Microsoft made our lives considerably easier by integrating (almost) all Azure related operations directly inside Visual Studio. Assuming that we are using Visual Studio 2012 we will need the Azure SDK and we are ready to go.
We open the solution that contained our project/projects and we add a Windows Azure Cloud service project.
We will be adding manually the existing projects to the WebRole so we will leave the Cloud Service project empty.
After the project is created we add all other projects to the WebRole from Solution Explorer:
Defining the website structure and the virtual directories structure
After adding the first project to the WebRole, we will add the next ones by manually editing the ServiceDefinitions file.
This configuration file will describe how the web sites and web directories will be structured and accessible so inside we will add:
Finally we will end up with a configuration like this:
The last step - publishing the WebRole on Azure - only at this step the virtual machines will be created and our code will be transferred to each of these machines. Again, Microsoft made things easy for us: from Visual Studio we chose the Publish option on the Cloud Service project.
The publishing wizard will help us chose and create the required Azure infrastructure (cloud service and storage account) and chose the desired target environment: staging (recommended) or production.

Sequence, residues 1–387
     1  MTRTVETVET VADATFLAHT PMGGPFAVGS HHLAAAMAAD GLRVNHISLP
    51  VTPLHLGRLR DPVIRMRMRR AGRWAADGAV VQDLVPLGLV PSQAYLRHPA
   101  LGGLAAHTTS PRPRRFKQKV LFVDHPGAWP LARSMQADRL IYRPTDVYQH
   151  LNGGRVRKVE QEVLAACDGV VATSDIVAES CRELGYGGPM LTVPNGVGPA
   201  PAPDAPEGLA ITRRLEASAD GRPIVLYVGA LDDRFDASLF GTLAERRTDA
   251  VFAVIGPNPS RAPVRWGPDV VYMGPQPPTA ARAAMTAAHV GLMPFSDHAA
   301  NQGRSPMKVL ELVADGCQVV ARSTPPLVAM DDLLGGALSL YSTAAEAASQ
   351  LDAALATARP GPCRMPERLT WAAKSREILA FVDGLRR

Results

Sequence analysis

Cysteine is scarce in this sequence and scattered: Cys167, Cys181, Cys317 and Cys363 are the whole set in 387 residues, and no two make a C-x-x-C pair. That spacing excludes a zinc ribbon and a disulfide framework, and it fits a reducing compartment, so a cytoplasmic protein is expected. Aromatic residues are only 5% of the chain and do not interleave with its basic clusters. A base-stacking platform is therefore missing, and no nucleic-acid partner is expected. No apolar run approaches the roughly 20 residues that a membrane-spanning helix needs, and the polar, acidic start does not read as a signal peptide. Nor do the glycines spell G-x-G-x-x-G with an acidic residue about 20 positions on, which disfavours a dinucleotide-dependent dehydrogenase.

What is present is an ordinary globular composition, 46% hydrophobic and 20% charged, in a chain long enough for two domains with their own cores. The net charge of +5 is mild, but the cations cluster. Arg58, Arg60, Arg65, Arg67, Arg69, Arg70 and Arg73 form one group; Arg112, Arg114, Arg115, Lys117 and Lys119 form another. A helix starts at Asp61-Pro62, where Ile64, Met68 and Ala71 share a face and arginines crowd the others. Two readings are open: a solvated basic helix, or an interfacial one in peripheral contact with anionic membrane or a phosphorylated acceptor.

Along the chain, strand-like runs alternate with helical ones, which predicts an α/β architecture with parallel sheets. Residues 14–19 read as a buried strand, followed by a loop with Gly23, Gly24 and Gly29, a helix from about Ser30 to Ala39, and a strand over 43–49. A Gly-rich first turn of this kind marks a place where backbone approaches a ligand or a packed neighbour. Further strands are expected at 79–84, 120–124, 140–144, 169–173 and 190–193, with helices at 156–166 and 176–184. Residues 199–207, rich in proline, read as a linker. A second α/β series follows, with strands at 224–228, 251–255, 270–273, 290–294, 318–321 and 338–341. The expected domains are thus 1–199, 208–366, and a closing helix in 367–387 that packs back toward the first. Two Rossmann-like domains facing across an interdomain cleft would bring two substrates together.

If all went ok and the WebRole was successfully created we will be able to access the website/websites on the address visible on the administration portal (http://manage.windowsazure.com/) - a GUID type address, guid.cloudapp.com, if we published the product on the staging environment or an address like mywebportal.cloudapp.com if we published on production.
The tooling Microsoft provides for us is excellent - they did a great job in making a clean, easy to understand and easy to use, management interface.
With this being said, once you start the migration process you will be running into all sorts of issues (particular to your project/context). And there are a lot of aspects/questions to which I did not answer (nor tried to) - like how to choose between a single WebRole vs multiple WebRoles - so if you would like to ask specific questions you can reach out to me at dragos(at)txtfeedback.net.
Migrating to Azure was not without problems, but now, 3 months after the migration was done we can say that we are completely satisfied with the results (and our return on investment).
Most of the challenges we faced were connected to the know-how - how you translate your local architecture to a cloud architecture, what do you need to change to your database, what is a WebRole, what is your minimum required configuration, etc. .MSDN, Pluralsight trainings, stackoverflow, they all helped but the most useful were the discussions we had with people that underwent a similar process.
I would like to nominate here Radu Vunvulea and Zoli Herczeg (from Microsoft) that found the time to sit with us, answer our questions and point us to the right direction.
by Adrian Cighi
by Ovidiu Mățan